The oil smuggling is far from new. For several years after the 2003 U.S.-led invasion, it was one of the preferred ways for insurgents to fund their operations. As security improved, private individuals and political groups picked up on the lucrative practice. Analysts say that smuggling of oil has been going on in the Kurdish north since the early 1990s.
But the issue is in the limelight now after President Barack Obama this month signed the new sanctions, which punish entities involved in exporting refined fuel products to Iran. Iran is a major exporter of crude oil, but it sorely lacks refineries, making it heavily reliant on imports of gasoline and other refined fuels. The U.S. move aims to put extra pressure on Iran over its nuclear program after four rounds of U.N. financial sanctions.
“If Iran had not been placed under international sanctions, the smuggling would have continued without a single comment,” Bassem al-Sheik, the editor-in-chief of Ad-Dustour newspaper wrote Monday. He said the Kurdistan government’s silence on smuggling for so long was likely because the Kurdish political groups were benefiting from the proceeds.
U.S. officials in Iraq said smuggling had long been an issue, even before the new sanctions were approved. But as major oil companies grow increasingly reluctant to sell refined products to Iran, new players had been stepping up.
“We’re concerned about this, and we’re reviewing these developments,” said Nolan Barkhouse, a U.S. embassy spokesman in Baghdad.
Oil has long been a source of tensions between the central government in Baghdad and the government in the autonomous Kurdish region in the north. The two sides have been at odds over just how much control the Kurds — who sit on more than a third of Iraq’s 115 billion barrels in proven crude reserves — should have over the oil in their territory.
Several years ago, Baghdad deemed illegal the unilateral oil deals signed by the Kurds with foreign companies following Saddam Hussein’s ouster.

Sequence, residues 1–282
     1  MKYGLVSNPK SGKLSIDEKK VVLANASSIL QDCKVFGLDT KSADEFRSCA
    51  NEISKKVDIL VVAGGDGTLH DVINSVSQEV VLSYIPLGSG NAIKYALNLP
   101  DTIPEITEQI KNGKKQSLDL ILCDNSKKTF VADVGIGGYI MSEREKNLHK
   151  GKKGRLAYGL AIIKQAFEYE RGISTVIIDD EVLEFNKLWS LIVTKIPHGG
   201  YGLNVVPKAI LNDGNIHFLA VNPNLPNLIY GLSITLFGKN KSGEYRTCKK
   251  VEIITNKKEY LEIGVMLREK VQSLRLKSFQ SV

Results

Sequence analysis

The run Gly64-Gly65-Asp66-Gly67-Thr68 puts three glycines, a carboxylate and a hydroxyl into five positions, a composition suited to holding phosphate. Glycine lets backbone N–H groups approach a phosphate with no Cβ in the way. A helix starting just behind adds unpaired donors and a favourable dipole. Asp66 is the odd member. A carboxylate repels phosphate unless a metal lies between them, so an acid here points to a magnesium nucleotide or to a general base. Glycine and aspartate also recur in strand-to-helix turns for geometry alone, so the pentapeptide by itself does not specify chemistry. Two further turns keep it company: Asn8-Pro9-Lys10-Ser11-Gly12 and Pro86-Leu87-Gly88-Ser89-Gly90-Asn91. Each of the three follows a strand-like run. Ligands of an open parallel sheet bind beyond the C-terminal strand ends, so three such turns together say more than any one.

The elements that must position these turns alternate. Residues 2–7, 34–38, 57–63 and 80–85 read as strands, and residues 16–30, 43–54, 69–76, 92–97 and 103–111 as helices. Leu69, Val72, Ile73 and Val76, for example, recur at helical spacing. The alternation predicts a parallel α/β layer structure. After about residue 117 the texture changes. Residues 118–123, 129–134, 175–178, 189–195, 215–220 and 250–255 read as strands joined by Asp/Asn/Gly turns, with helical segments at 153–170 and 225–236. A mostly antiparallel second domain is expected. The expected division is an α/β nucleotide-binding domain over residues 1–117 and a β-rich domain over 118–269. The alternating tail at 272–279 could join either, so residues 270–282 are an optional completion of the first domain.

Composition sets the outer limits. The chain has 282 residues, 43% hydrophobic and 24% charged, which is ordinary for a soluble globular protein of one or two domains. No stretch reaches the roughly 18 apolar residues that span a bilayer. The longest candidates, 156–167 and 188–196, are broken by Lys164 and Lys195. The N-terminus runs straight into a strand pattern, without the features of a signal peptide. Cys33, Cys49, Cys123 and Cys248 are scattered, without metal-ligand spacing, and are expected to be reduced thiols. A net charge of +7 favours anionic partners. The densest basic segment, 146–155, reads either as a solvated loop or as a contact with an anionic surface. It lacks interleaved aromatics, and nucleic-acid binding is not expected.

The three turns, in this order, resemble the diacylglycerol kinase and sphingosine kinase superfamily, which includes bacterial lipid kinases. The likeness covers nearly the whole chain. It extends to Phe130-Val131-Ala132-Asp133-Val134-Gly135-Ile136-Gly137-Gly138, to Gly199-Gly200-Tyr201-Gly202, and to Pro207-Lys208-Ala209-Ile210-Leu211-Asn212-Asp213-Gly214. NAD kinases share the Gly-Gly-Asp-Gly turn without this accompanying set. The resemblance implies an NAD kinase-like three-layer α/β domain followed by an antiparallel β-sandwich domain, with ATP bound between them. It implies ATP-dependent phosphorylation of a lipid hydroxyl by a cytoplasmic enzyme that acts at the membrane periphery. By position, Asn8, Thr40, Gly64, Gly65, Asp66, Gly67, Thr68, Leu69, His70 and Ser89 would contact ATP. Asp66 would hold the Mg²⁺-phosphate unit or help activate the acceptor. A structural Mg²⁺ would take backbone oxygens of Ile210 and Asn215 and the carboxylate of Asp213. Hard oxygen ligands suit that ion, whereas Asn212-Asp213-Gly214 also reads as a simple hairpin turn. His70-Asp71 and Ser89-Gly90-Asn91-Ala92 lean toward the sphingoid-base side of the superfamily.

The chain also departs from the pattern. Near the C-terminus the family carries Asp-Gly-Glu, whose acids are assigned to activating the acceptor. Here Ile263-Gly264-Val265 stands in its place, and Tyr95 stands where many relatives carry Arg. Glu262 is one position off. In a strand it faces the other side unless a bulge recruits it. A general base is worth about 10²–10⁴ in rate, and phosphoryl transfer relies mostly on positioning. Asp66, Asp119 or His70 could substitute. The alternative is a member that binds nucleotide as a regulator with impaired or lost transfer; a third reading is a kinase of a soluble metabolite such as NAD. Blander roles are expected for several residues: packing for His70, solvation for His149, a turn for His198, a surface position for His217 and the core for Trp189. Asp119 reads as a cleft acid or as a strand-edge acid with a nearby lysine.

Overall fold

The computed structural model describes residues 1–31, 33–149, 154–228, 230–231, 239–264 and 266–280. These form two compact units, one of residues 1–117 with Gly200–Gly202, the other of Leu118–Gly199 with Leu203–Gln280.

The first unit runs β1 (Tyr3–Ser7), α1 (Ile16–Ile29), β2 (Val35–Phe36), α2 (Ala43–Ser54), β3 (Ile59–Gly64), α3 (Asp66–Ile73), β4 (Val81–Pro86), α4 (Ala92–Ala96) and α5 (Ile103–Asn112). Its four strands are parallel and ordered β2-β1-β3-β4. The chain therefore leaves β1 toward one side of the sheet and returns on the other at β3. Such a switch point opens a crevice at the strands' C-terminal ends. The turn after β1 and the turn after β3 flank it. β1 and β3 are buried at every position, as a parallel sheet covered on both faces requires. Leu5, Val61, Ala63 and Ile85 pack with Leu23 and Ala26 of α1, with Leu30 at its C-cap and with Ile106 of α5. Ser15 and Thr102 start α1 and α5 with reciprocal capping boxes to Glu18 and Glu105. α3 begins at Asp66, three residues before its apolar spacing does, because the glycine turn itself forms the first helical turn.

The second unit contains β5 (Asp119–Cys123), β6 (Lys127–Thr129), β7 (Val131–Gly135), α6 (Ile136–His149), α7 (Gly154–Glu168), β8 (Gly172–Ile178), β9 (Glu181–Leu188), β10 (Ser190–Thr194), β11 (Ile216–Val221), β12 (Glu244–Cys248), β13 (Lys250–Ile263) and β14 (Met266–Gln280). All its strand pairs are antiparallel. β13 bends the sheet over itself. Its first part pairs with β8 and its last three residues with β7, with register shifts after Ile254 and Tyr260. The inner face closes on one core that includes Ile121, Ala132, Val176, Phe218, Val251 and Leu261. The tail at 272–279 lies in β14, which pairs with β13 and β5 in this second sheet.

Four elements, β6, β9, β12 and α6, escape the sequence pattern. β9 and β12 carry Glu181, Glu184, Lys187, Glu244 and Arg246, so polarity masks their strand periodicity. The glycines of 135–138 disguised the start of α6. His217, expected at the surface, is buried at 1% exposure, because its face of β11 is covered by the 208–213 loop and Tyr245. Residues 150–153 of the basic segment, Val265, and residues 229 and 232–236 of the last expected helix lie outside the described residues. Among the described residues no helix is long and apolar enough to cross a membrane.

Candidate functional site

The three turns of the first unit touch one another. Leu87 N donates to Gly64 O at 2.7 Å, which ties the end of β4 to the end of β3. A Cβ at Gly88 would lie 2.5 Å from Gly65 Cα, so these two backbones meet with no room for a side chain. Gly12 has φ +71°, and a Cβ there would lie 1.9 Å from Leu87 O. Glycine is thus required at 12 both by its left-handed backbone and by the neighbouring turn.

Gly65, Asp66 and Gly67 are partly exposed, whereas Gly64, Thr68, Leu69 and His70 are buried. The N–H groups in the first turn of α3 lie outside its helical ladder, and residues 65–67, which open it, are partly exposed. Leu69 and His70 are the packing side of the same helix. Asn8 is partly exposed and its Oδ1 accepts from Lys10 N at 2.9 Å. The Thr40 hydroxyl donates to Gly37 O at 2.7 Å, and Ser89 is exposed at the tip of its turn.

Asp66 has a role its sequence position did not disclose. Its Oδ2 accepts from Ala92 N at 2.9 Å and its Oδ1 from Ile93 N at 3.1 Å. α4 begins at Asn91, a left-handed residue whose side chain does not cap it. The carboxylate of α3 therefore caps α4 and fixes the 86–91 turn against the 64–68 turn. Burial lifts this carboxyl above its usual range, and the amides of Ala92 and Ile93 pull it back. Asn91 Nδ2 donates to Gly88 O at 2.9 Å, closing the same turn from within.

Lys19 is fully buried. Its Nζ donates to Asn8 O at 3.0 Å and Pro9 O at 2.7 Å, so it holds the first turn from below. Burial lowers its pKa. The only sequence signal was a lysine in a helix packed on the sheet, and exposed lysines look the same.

While the Baghdad government struck a deal in June 2009 with the Kurds to allow exports to resume through the pipeline that runs from Kirkuk to Ceyhan, Turkey, the agreement was short-lived, with exports halted three months later over a dispute over payments to foreign companies operating there.
Exports through the line have yet to resume with any consistency, raising the question of what becomes of production from the Taq Taq and Tawke fields that feed it. Taq Taq is operated by China’s state-owned Sinopec Group and Turkey’s Genel Enerji, and Tawke by the independent Norwegian oil company DNO.
Tawke’s production in May — the latest available — stood at about 4,800 barrels per day, far shy of the field’s 50,000 barrel per day capacity. Of that production, 80 barrels per day go to power the company’s operations at Tawke, according to company figures. The rest is split between DNO’s local refinery and the small refineries in the region, said DNO spokesman Tom Bratlie.
While DNO doesn’t keep track of what happens to the oil once it’s sold, “all deliveries are subject to approval by the local government,” Bratlie said. He said oil refined by DNO is distributed by the local government.
The smuggling seems less a matter of helping Iran than of turning a profit.
“It’s physically impossible for the oil being smuggled to be more than a drop in the bucket for Iranian needs,” Samuel Ciszuk, Mideast energy analyst with IHS Global Insight said.
El-Tablawy is based in Baghdad and Barzanji in Sulaimaniyah; AP writer Sinan Salaheddin contributed to this report from Baghdad and Ian MacDougall from Oslo, Norway.